Process

Moroccan Rug Weaving Process

“a woman who weaves forty carpet is guaranteed a place in heaven”

-A Moroccan Proverb

Women from rural Moroccan villages seldom engaged in public life as their main task was cooking, washing, sewing, cleaning, and caring for children in addition to working in fields, seeding plants and watching over their crops. Despite these societal constraints, they presented themselves as autonomous and bold artists via their textile work and carpet weaving. The weavers improvised structures, patterns, and motifs from a large and diverse repertory. The end effect is breathtakingly stunning. It's pure poetry, pure abstract, but laden with profound meaning.

One or two women sit next to each other on a bench at a vertical loom so that their hands always remain at the same level, the finished part of the carpet is gradually rolled round the lower beam disappearing the carpet from sight and the weaver sees only the last part of her work. This means that weaver must use forms drawn from her memory. In this way her creativity is given full scope. Although rooted in tradition she can continually incorporate into her work her own intuitions, feelings and imagination. She has the freedom which can make her a creative artist. This explains the surprising spontaneity and incoomparable variety which characterize berber carpets.

Indispensable tools : loom, combs, cardes, cattails, baskets, spindles..

Step 1: shearing sheep and buying woolen fleeces

This step belongs primarily to men. The sheep is immobilized laying on its side and fleece is obtained using big scissors. Generally, it takes between 50 to 100 sheep to get enough wool for a standard-sized rug.

Step 2: Washing and preparing the wool fleeces

This step belongs primarily to men. The sheep is immobilized laying on its side and fleece is obtained using big scissors. Generally, it takes between 50 to 100 sheep to get enough wool for a standard-sized rug.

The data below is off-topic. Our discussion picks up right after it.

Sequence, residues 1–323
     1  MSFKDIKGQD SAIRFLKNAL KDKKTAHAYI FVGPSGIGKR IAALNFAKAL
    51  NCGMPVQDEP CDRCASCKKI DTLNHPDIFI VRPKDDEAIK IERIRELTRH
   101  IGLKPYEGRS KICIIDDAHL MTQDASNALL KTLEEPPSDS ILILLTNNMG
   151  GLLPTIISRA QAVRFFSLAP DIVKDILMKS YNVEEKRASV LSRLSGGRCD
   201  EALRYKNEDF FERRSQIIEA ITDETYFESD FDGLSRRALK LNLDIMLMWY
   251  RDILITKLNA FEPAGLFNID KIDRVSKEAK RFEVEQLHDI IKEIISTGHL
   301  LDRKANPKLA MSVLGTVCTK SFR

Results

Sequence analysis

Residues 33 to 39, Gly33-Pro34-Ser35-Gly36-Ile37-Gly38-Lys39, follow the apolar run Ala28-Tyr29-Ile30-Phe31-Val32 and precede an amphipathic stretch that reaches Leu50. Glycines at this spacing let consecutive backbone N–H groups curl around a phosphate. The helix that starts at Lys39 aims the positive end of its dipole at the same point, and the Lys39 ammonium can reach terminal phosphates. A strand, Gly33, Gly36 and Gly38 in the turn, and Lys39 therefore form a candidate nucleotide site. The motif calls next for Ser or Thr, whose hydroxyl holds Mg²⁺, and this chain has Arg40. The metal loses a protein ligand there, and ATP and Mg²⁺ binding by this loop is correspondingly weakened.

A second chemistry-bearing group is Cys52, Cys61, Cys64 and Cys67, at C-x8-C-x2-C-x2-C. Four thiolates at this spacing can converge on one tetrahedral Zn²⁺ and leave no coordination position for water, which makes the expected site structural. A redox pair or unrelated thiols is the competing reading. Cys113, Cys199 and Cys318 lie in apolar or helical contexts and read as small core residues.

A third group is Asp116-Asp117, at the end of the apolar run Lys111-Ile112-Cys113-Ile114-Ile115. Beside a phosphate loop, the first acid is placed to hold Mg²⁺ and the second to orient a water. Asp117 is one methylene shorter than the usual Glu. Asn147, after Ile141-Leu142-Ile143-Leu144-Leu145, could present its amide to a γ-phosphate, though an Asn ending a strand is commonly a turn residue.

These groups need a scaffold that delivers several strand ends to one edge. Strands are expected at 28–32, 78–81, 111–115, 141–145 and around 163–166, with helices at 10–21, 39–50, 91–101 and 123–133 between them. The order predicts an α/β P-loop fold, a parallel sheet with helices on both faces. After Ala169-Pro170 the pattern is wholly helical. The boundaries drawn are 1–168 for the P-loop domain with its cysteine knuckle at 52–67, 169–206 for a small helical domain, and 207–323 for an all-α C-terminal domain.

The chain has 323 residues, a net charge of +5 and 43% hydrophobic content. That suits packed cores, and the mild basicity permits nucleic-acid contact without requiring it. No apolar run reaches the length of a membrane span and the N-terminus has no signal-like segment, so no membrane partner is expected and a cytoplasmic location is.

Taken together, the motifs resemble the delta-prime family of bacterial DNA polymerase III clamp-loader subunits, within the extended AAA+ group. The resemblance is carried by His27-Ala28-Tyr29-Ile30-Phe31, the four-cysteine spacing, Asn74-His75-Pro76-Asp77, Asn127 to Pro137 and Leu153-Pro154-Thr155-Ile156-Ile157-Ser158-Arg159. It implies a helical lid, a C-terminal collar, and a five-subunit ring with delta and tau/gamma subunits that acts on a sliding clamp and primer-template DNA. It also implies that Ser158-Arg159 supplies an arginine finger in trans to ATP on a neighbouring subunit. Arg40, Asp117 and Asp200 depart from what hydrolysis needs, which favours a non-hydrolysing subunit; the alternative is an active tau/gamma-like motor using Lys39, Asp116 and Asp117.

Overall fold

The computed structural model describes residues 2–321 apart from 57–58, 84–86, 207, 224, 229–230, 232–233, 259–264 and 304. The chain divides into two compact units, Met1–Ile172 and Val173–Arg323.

The ladies then sift the wool and remove the impurities such as twigs. Most of the time, they soak it and beat it with a stick before gently washing it in the river, then placing it in the sun to dry and whiten. At the end of the day, the wool is stored at home for several days until needed.

step 3: carding

The wool is cut, then washed and combed. Carding or combing wool is an essential stage in the production of wool fabric. Carding ensures that all of the wool fibers are untangled and oriented in one direction, making spinning more fluid. They work the wool with two wooden planks called imchden (cardes), which they manoeuvre with a lively back-and-forth movement.

Step 5: Washing the spun wool

The yarn is washed again and placed in the sun to dry, then stored until the loom is prepared.

step 6: Weaving begins

Three essential tools: a knife with a hook on the end, a pair of scissors and a comb. Different colors of yarn are hung on top of the loom depending on the colors that will be used on the rug. The weaver passes the piece of the yarn between two tablecloths using the knife’s hook, and pulls it with the other hand, then cuts it with the knife, and repeats the process horizontally until the entire line of knots is completed. Then the weaver uses the heavy comb to compact the knots down firmly to keep everything in place. The process is repeated knot after knot, row after row, until the carpet is finished.

step 7: washing and drying the carpet